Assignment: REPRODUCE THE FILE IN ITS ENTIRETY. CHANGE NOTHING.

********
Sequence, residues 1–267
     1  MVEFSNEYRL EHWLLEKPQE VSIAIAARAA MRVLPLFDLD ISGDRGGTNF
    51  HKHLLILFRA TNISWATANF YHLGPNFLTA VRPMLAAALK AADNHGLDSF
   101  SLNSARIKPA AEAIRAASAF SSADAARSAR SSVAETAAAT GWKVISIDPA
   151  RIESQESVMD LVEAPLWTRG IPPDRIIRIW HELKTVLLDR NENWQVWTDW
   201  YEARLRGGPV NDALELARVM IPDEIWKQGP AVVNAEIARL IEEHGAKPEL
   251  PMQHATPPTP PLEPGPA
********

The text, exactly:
Sequence, residues 1–267
     1  MVEFSNEYRL EHWLLEKPQE VSIAIAARAA MRVLPLFDLD ISGDRGGTNF
    51  HKHLLILFRA TNISWATANF YHLGPNFLTA VRPMLAAALK AADNHGLDSF
   101  SLNSARIKPA AEAIRAASAF SSADAARSAR SSVAETAAAT GWKVISIDPA
   151  RIESQESVMD LVEAPLWTRG IPPDRIIRIW HELKTVLLDR NENWQVWTDW
   201  YEARLRGGPV NDALELARVM IPDEIWKQGP AVVNAEIARL IEEHGAKPEL
   251  PMQHATPPTP PLEPGPA